The Best (and Worst) Speeches of 2012
Latimer, Matt, Newsweek
So many words. So few worth remembering. Matt Latimer on the campaign's most consequential oratory.
Early Wednesday morning, Barack Obama appeared before thousands of cheering supporters in Chicago and for the first time in a long time sounded like a president. The victory speech lingered on a little too long, but hey--after an all-but-miraculous reelection, I'll cut him a little slack. Overall, the tone was gracious, elevated, inclusive, and deeply patriotic. One hopes it is a positive omen for his next four years.
Take it from a retired presidential speechwriter: political speeches, as a general rule, are vastly overrated. This is mostly because politicians give too many of them. They've become dull and formulaic and have lost most of their impact. There were, however, a few moments in the 2012 campaign where the politicians did manage to tell us something--even if it wasn't always what they intended.
Below and in no particular order are the top 10 most consequential speeches of this election cycle:
Poorly organized, mysterious, and just plain bizarre, Candidate Cain's remarks as he ended his presidential bid echoed his entire candidacy. It also demonstrated just how unhappy Republican voters were with their choice of candidates this year: for a while, a man who quoted a song from the movie Pokemon was a frontrunner for his party's nomination. We hadn't seen anything quite like this since presidential candidate Ross Perot ended a speech by dancing with his wife to the song "Crazy." Yes, that actually happened.
Democratic National Convention
Daring to educate his audience, Bill Clinton offered a forceful, fact-filled, and persuasive case for Barack Obama's reelection with a presentation that no one else on the Obama campaign ever managed to equal, including the president himself. Forget the Marc Rich pardon, Monica, Obama as a "fairy tale"--Bill Clinton's performance in Charlotte, N.C., signaled his total political rehabilitation in the Democratic Party. The former president's above-and-beyond-the-call assistance to his wife's onetime bitter rival also conclusively proved that the Clintons are preparing for another shot at the top job.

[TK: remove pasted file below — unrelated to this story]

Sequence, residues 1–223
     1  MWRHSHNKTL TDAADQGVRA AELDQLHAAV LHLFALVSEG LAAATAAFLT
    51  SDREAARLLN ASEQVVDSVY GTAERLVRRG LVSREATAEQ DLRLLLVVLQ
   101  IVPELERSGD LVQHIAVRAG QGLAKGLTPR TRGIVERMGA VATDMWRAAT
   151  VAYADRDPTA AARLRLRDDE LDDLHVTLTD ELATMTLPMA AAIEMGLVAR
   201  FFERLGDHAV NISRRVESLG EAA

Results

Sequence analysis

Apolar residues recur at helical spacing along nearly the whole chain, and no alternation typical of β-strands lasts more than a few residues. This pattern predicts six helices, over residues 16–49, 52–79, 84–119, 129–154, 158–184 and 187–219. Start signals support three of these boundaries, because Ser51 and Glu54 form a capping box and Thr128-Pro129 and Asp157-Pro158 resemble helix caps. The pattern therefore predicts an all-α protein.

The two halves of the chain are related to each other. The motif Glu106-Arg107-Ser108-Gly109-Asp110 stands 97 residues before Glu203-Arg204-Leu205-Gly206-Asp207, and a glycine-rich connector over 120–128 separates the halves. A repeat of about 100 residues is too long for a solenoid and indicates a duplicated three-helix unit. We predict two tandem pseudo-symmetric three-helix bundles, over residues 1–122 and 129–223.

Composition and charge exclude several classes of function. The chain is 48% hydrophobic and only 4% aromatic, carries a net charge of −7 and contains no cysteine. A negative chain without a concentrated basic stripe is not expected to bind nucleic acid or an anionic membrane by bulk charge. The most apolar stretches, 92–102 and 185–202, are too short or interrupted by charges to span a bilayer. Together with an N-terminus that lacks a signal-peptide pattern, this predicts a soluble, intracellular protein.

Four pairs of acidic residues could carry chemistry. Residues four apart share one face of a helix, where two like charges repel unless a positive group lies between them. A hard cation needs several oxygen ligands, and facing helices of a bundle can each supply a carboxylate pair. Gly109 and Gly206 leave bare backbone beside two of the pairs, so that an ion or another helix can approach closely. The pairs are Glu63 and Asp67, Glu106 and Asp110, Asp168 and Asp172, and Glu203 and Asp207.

South Carolina debate
Never underestimate the Republican rank and file's contempt for the "lamestream press." Newt Gingrich's finger-wagging takedown of CNN's John King for daring to ask about past marital infidelities singlehandedly won him the South Carolina presidential primary and, for a few days at least, shook up the cool and overconfident Romney campaign. It was a tour de force for the former speaker, showing his incomparable ability to rally his party while also underscoring the character issues that haunted his campaign. (Full disclosure: I worked for Gingrich's campaign for a time.)
Republican National Convention
Remember this speech?
Of course not. Who would have thought that of all the members of the Bush family, the brainy Jeb would be the worst speaker of them all? The former Florida governor's ponderous, wonky, largely charisma-free lecture on education was one of the great mysteries of an otherwise suspenseless convention. How could anyone have let this happen? Maybe Bush was angling to be Education secretary in a Romney administration. In any event, the speech sharply undermined the idea that he was an odds-on favorite for the GOP nomination the next time the race is open. …